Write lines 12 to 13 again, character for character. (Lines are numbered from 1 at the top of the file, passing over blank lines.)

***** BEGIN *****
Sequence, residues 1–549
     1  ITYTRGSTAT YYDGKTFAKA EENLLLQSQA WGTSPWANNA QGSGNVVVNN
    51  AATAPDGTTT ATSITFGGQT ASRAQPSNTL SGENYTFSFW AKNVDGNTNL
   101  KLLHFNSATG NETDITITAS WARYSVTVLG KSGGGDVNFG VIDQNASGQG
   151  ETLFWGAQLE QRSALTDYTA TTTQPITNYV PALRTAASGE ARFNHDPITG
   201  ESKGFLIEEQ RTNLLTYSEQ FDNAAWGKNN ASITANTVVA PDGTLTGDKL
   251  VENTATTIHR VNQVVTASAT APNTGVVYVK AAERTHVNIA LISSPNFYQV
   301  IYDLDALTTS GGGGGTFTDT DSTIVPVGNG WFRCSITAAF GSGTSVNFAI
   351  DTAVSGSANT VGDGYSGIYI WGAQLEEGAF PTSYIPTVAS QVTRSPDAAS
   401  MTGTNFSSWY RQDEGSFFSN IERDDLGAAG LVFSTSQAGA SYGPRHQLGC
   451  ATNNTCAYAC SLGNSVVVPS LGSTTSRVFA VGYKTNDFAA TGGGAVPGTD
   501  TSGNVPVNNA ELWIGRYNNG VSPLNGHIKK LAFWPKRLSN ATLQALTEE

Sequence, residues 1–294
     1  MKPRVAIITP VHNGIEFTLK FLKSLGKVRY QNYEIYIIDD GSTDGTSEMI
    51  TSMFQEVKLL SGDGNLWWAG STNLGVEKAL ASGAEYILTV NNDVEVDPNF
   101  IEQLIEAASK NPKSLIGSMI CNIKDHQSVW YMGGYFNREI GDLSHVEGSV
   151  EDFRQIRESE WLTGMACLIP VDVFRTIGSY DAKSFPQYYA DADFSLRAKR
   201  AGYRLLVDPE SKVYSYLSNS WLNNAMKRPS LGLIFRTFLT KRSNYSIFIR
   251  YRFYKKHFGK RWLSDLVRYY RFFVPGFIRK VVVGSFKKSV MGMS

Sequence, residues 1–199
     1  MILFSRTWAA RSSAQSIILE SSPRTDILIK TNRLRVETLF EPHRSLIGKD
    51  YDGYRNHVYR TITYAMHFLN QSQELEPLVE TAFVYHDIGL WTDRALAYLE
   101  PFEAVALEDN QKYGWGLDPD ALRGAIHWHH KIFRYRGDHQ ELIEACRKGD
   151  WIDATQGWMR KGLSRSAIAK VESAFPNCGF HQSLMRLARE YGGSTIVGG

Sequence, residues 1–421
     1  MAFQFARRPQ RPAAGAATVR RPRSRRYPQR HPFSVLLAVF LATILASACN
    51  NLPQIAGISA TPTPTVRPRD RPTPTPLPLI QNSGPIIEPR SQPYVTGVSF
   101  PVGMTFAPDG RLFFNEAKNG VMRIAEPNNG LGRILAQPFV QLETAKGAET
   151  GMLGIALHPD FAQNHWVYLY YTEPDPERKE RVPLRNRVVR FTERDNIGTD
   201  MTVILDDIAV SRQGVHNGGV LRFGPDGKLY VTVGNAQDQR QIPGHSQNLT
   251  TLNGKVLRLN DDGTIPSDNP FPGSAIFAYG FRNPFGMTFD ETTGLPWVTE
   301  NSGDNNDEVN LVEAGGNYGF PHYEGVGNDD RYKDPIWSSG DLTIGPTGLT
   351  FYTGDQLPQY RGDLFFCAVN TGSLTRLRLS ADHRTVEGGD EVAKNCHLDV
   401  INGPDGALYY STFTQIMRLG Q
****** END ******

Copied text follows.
   501  TSGNVPVNNA ELWIGRYNNG VSPLNGHIKK LAFWPKRLSN ATLQALTEE

Sequence, residues 1–294